Tarragon History – Name Origins
(Artemisia dracunculus)Artemisia, tarragon’s genus, comes from the Greek goddess Artemis (of the moon), known as Diana by the Romans, who was said to have given tarragon and other artemisias to Chiron, the centaur. Other tarragon histories compare the colorization of tarragon leaves to the moon.
The word tarragon is derived from the Latin dracunculus, ‘a little dragon’.
Tarragon is thought to be a native of Siberia and Mongolia.
The word tarragon additionally has ties to the French, Herbe au Dragon and references to “a little dragon”. Much of this association with dragons comes from the serpentine shape of the herb’s roots. As with the other Dragon herbs, tarragon is believed to cure the bites and stings of venomous beasts and mad dogs.
Tarragon History – Folklore & Medicinal Uses
The volatile essential oil of Tarragon is chemically identical with Anise. While tarragon may be effective for a variety of ailments, the active ingredients found within tarragon oil degrade quickly.
Tarragon has only been cultivated for around 600 years. It is thought to have been brought to Italy around the tenth Century by invading Mongols who used it as a sleep aid, breath freshener and seasoning. It is believed St. Catherine, on a visit to Pope Clement VI, brought tarragon to France in the 14th century. Gerard places it in England in 1548. But then again, Gerard, in his own tarragon history, repeated the legend that if flax seed is put into a radish root or sea onion and planted in the ground that tarragon will grow without providing any supportive information.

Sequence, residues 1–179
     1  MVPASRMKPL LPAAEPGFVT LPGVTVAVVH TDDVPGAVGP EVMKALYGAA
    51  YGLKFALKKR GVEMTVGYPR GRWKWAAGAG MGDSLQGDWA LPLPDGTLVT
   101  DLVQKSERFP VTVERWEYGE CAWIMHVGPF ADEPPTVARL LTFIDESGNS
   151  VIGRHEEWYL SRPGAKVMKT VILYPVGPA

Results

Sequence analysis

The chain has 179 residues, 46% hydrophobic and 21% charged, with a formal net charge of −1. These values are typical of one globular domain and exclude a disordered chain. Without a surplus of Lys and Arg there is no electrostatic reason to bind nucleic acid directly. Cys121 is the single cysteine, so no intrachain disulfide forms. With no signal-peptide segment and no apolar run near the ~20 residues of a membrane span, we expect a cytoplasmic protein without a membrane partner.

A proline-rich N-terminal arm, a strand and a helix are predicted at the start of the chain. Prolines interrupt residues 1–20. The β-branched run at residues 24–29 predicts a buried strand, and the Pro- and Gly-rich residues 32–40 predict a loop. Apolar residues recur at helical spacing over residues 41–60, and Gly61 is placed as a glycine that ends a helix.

John Evelyn said of tarragon “‘Tis highly cordial and friendly to the head, heart, and liver.”
Throughout the centuries, tarragon has been used in the treatment of poor digestion, intestinal problems, nausea, flatulence, hiccups, rheumatism, gout, arthritis and to soothe the pain of toothaches.